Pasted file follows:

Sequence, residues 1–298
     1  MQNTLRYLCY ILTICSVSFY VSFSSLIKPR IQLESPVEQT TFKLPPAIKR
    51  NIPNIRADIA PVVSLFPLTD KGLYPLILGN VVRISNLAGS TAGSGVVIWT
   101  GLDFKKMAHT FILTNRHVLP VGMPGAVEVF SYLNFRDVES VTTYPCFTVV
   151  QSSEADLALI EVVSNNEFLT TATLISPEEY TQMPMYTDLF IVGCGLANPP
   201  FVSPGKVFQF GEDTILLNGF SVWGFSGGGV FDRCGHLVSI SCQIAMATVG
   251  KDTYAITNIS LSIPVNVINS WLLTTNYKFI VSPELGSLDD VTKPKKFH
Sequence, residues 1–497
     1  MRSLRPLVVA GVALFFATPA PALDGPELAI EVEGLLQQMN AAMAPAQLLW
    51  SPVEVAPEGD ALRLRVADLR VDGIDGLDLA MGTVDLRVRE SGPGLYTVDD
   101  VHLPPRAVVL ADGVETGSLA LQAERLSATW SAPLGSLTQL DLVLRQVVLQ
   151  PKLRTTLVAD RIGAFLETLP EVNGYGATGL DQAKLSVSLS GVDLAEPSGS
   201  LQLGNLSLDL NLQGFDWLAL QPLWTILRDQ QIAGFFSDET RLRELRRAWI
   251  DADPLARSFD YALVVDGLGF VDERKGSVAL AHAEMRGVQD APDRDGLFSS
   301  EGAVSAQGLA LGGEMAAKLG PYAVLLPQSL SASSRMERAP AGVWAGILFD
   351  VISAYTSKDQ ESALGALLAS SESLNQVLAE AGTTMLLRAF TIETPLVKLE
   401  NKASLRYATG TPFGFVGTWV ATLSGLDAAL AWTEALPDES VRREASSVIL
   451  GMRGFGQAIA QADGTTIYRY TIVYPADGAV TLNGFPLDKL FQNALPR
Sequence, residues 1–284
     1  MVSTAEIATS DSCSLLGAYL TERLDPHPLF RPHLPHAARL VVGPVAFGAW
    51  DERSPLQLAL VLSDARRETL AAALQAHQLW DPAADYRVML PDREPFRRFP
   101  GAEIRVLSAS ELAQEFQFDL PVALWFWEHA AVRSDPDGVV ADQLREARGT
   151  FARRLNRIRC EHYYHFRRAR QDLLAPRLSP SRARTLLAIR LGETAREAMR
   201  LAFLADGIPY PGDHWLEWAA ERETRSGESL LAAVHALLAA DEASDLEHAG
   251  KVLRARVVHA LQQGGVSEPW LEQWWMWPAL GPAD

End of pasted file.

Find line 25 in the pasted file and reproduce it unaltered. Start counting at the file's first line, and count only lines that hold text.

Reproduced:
   251  KVLRARVVHA LQQGGVSEPW LEQWWMWPAL GPAD